Janyce Stefan-Cole: Hollywood Boulevard is the journey of a successful actress, Ardennes Thrush, who quit. That is how I think of the book and that is what I say to friends and family. But there is also the whodunit element so I usually say, "There's a noir tone to the book, intrigue that parallels the actress's journey." The term psychological thriller has been used to describe the book. I'm not sure about that, though I have no objection. I see the psychological part as Ardennes's search of, or back to, herself after reaching a goal that somehow left her out of the equation once success was achieved. I don't say all that though when describing the book because I'd put people to sleep. I worry with family, my mother in particular, about what she might call the book's racy parts. There is no gratuitous sex or violence — it's all earned, but try telling that to your mom. The other complication is that my father is now blind so she'll have to read the book to him, once I find the courage to send them a copy. I've read passages to them, which they liked, but I jumped over the "racy" parts.
Janyce Stefan-Cole: If you'd have asked me that question prior to my temporary relocation to Hollywood (my husband was there to work on a film he co-wrote and was co-producing) I'd have laughed the way New Yorker's do over La La Land. We are terribly snobby here about Los Angeles. But the city got under my skin. I went empty-handed and returned with a character and the beginning of a novel. So I have a fondness, there's an attachment to the city I'd not had prior to that four-month stay. I still check the L.A. weather reports! Writing a story situated in a city is living there, in a way. I think it's important to be authentic in describing a location, unless you're Falkner or that other wonderful Southern writer, Lewis Nordan, creating an imaginary town. Even then you must be true to what you place there. So, would I live in Los Angeles? Maybe, but only if I could afford The Hills or the coast. I'd certainly go out west again. I like to travel anyhow, to have an adventure elsewhere. Being in a new location can stir up all sorts of creative energy.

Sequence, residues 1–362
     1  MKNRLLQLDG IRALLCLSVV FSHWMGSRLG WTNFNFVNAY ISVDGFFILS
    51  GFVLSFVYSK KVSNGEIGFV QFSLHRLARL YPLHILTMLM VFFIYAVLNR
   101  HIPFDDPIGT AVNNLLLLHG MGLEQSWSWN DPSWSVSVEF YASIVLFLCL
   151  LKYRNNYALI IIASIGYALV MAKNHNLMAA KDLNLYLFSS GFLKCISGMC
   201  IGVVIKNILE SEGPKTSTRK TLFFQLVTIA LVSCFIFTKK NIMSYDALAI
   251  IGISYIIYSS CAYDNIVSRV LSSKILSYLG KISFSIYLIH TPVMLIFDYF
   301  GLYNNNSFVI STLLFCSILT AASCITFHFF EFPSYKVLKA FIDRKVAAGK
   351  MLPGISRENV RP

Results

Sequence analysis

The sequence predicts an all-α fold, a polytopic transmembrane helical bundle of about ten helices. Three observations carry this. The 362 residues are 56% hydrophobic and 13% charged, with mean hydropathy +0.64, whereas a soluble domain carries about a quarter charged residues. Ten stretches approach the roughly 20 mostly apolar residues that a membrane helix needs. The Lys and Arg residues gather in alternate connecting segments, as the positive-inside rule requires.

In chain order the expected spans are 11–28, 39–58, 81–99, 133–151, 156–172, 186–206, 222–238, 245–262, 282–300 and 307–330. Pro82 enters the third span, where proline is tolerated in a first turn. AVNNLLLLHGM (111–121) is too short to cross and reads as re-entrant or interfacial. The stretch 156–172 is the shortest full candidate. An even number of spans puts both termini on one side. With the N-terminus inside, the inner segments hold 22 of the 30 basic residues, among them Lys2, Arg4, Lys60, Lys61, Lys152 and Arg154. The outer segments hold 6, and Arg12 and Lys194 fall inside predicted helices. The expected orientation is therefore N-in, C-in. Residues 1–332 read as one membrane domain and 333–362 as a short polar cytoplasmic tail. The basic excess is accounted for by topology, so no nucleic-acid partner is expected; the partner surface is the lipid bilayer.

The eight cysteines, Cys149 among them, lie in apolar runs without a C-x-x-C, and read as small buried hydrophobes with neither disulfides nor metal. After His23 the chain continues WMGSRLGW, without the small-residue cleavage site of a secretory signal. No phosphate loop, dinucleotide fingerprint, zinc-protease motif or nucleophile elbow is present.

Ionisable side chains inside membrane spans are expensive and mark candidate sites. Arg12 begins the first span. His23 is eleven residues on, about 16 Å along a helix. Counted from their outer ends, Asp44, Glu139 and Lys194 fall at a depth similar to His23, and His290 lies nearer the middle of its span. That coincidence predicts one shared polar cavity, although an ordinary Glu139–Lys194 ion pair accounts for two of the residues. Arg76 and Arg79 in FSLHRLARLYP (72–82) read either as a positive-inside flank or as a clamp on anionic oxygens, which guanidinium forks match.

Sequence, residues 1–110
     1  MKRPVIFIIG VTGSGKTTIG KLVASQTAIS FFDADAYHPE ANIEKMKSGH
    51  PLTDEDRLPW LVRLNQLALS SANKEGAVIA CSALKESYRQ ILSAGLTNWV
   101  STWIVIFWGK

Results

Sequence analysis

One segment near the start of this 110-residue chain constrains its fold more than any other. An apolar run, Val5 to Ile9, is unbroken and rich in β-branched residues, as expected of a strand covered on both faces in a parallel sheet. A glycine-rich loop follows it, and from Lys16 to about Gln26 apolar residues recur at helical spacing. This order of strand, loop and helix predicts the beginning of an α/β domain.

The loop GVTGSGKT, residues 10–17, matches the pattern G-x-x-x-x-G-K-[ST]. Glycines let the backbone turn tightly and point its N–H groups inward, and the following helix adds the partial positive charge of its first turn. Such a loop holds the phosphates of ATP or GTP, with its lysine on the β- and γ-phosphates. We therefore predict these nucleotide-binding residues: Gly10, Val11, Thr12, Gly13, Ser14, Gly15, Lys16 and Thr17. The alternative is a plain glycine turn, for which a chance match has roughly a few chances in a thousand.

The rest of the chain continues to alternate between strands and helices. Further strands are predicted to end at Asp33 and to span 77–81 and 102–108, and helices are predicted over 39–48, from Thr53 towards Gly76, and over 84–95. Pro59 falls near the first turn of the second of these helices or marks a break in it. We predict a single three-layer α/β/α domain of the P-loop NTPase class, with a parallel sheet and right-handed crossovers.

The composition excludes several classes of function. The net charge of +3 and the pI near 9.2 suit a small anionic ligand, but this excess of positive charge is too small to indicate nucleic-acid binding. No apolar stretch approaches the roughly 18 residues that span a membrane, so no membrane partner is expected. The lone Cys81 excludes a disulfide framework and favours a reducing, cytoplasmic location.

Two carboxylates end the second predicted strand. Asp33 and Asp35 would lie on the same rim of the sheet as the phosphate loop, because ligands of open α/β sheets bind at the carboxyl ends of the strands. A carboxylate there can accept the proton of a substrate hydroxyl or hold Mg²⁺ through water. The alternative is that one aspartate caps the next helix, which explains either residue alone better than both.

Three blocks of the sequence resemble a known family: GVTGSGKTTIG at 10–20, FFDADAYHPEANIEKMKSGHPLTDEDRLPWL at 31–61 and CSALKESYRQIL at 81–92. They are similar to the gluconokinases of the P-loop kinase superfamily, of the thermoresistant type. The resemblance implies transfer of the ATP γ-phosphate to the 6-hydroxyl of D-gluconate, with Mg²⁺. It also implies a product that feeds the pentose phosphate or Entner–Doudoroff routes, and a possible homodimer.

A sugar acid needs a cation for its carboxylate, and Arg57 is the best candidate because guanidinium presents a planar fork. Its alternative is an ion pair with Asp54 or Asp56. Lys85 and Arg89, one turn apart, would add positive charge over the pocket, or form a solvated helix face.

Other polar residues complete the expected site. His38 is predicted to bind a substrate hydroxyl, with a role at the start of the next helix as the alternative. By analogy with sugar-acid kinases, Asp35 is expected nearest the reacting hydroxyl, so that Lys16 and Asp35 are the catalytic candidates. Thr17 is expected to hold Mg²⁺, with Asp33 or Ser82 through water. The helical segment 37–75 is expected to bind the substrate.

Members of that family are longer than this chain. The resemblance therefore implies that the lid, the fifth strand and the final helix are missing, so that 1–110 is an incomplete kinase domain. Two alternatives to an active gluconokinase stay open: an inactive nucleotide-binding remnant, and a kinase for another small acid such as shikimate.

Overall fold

Janyce Stefan-Cole: It's not entirely clear that Ardennes was a people watcher before she quit acting, but I suspect she was not. I know actors who don't seem to notice a thing outside themselves — I mean are not observant — and others who are aware of all the tics and gestures, styles and tones of those around them. I can't speak for the internal life of those actors, and this is unscientifically off the cuff, but my experience is that the actors who are less engaged with their surroundings are more engaged in their work and are better actors. An actor, unlike a writer, has to find only one character at a time. They have help with that from their director (and research) and whatever else they do to pry open a role to get at the heart of a character. I know stage actors who stay in character for an entire run, especially period pieces, like Chekov. So I would say Ardennes is less engaged as an actor as she becomes increasingly voyeuristic. She's watching others precisely because she is lost. To a degree, those others are filling her world and that may be helpful in her effort to find herself. Spoiler alert: I have to be careful here, but Ardennes says she will have to immerse herself in her character if she is to act again. That would pretty much preclude people watching and just about any other distraction.